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Patroness of the Americas

Citizen Staff

Tucsonans believe the Mexican saint has blessed them



For the past 33 years, Catalina Riesgo has faithfully spent nine December days venerating Our Lady of Guadalupe, the patron saint of the Americas.

The 80-year-old Tucsonan and hundreds of other Catholic believers say a nine-day novena, sing traditional songs and pray the rosary in honor of the most beloved spiritual figure to the Mexican people.

Riesgo’s husband returned safely from World War II, as did her son from Vietnam. For this she credits the Virgin’s intervention, and she says she will continue to fall to her knees in prayer as long as she lives. “She returned them to me,” Riesgo says. “Anything I need I have always asked of her and she has delivered.”

Today is the feast day of Our Lady of Guadalupe, also known as the Virgin of Guadalupe, and all around Tucson believers spent the evening in prayerful vigil honoring the Virgin Mother whether for a prayer answered or in anticipation of one.

Ruben Davalos, director of evangelism and Hispanic ministry with the Diocese of Tucson, says the traditions surrounding Our Lady of Guadalupe cement Mexican families in the United States.

“We have had that in common since we were in the womb,” Davalos says. “It is a moment of community for Hispanic people.”

In Mexico City, where the Basilica of Our Lady of Guadalupe sits on the spot where she appeared to St. Juan Diego in 1531, thousands of people gathered last night to bring her roses and sing Las MaƱanitas.

Traditionally, the novena begins Dec. 3, and each night a different passage is read, leading up to the eve of the Virgin’s apparition, when family and friends gather for tamales, menudo and Mexican hot chocolate.

For 23 years, Riesgo was the president of La Guadalupanas at St. Margaret’s Catholic Church, a group of women who led parishioners in prayer and devotion to the blessed mother.

After a mild heart attack 10 years ago, Riesgo’s outside activities were restricted, but she continues her ritual at home.

Two brothers she met in her West Side neighborhood created the 4-foot statue of Our Lady of Guadalupe for Riesgo while they were in prison.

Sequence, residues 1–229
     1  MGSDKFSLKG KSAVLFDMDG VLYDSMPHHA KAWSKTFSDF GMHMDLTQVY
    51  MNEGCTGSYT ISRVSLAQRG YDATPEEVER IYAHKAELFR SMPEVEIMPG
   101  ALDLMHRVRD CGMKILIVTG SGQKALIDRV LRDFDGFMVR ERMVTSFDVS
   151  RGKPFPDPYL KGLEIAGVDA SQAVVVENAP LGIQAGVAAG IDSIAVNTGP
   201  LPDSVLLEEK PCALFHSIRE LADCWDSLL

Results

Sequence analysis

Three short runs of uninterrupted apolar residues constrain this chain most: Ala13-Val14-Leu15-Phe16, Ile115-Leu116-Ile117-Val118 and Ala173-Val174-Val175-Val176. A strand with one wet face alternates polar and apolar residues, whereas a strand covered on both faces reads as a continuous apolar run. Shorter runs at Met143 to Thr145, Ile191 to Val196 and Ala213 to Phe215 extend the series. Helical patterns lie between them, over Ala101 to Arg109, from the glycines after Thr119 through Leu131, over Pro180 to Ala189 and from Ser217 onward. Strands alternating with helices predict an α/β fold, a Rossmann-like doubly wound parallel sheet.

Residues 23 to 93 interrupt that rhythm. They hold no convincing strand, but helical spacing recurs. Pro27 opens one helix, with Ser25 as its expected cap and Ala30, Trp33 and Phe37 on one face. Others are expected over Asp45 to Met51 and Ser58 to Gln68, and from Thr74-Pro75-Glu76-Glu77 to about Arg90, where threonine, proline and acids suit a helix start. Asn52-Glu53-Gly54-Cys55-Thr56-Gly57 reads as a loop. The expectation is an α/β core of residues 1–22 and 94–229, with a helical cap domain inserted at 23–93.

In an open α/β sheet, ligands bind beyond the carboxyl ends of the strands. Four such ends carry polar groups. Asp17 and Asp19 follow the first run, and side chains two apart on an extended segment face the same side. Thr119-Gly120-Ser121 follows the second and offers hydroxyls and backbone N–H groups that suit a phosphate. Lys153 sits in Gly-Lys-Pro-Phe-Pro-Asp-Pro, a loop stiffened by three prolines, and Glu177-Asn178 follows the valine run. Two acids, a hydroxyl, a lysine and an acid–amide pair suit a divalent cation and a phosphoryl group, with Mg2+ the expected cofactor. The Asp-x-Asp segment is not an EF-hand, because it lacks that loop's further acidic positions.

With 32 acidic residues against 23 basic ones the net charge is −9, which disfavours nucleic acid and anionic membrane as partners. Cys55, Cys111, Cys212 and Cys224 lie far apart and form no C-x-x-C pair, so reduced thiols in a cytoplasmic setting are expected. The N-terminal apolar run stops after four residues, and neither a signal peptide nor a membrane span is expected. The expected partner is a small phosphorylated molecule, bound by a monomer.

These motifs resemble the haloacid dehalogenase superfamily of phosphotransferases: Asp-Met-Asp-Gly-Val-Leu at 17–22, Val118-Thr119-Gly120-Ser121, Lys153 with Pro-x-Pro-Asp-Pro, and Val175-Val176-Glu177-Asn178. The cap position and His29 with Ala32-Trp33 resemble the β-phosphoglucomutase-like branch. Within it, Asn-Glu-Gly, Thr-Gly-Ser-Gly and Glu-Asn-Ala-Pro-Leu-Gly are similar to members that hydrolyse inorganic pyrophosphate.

“They asked me to pray for them,” she recalls.

When the brothers were released, they presented her with the statue as a thank you.

“She is very miraculous,” Riesgo says of the Virgin.

In fact, when her third-born son was in a work accident in Illinois several years ago, Riesgo flew out there, in tears the whole way, praying to Our Lady of Guadalupe to protect him, she says.

“He had serious head injuries, and for a whole month I prayed to the Virgin,” she says of 53-year-old Jaime. “I came back to Tucson with him and was told (by doctors) he would never recover.”

Riesgo ignored the gloomy predictions and continued her twice-daily recitation of the rosary.

One night, she recalls, her son walked away from the rehabilitation hospital and showed up at her front door.

“He’s been with me ever since,” Riesgo says.

And so she continues, as do many who believe in the power of Our Lady’s intervention, and makes financial sacrifices to buy the roses, make the menudo and prepare goodies for anyone who may join her for the evening ritual.

“I will be here until the end,” Riesgo says, “or until I can’t kneel anymore.”


Jose Ramon Duran plays his bass guitar with his group, La Buena Nueva, as musicians walk in the procession for the Virgin last night.

ABOVE: More than 300 people attended the procession for Our Lady of Guadalupe at St. John’s Church that started along Ajo Way. LEFT: Catalina Riesgo prays to the statue of Our Lady of Guadalupe made by two brothers who were in prison.

A parishioner stops to pray at the statue of the Virgin before last night’s procession for Our Lady of Guadalupe at St. John’s Church.

Hundreds attended the procession for Our Lady of Guadalupe at St. John’s Church last night. Dec. 12 is the feast day for the Mexican saint, who probably is the most venerated saint among Hispanic Catholics.

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